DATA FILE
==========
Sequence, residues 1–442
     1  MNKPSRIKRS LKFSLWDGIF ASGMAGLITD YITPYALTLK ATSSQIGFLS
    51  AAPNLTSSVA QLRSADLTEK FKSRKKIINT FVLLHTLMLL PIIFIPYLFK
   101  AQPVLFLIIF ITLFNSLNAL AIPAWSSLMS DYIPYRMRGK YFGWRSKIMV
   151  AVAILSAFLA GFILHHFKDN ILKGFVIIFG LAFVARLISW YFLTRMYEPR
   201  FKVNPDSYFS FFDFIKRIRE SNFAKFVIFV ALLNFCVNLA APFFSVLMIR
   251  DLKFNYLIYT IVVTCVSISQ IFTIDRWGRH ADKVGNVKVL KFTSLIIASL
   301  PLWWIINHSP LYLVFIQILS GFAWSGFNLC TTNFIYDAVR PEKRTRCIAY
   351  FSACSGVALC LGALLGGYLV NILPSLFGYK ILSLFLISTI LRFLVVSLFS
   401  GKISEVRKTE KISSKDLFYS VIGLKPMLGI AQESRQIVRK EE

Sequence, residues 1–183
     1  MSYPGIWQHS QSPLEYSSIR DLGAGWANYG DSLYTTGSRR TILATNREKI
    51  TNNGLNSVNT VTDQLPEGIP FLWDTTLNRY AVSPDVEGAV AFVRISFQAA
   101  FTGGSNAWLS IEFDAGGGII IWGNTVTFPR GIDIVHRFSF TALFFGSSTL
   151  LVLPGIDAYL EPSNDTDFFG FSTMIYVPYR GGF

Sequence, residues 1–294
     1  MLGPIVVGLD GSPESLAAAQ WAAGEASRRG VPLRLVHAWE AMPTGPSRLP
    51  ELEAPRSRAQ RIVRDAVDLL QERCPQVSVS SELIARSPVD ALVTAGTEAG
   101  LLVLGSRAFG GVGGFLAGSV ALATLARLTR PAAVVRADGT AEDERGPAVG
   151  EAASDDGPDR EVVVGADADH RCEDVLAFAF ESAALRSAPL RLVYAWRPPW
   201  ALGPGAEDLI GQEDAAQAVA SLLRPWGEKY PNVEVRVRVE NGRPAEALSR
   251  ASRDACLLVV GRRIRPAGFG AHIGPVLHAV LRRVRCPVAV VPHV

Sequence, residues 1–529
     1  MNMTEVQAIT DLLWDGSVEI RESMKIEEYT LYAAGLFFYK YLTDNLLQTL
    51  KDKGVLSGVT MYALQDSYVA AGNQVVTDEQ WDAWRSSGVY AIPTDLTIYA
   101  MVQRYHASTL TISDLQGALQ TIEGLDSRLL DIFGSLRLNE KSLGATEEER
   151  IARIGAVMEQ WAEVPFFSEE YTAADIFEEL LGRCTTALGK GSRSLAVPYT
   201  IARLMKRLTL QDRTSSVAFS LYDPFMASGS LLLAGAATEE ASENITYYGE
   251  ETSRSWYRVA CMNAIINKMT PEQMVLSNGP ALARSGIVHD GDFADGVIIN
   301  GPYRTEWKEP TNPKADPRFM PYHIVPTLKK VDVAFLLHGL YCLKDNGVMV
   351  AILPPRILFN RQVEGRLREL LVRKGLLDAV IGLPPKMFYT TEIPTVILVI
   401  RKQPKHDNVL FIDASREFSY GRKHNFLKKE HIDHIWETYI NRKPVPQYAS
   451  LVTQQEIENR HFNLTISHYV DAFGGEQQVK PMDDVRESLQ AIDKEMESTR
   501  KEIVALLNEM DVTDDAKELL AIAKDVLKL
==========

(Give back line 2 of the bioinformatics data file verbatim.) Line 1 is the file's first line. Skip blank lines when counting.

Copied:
     1  MNKPSRIKRS LKFSLWDGIF ASGMAGLITD YITPYALTLK ATSSQIGFLS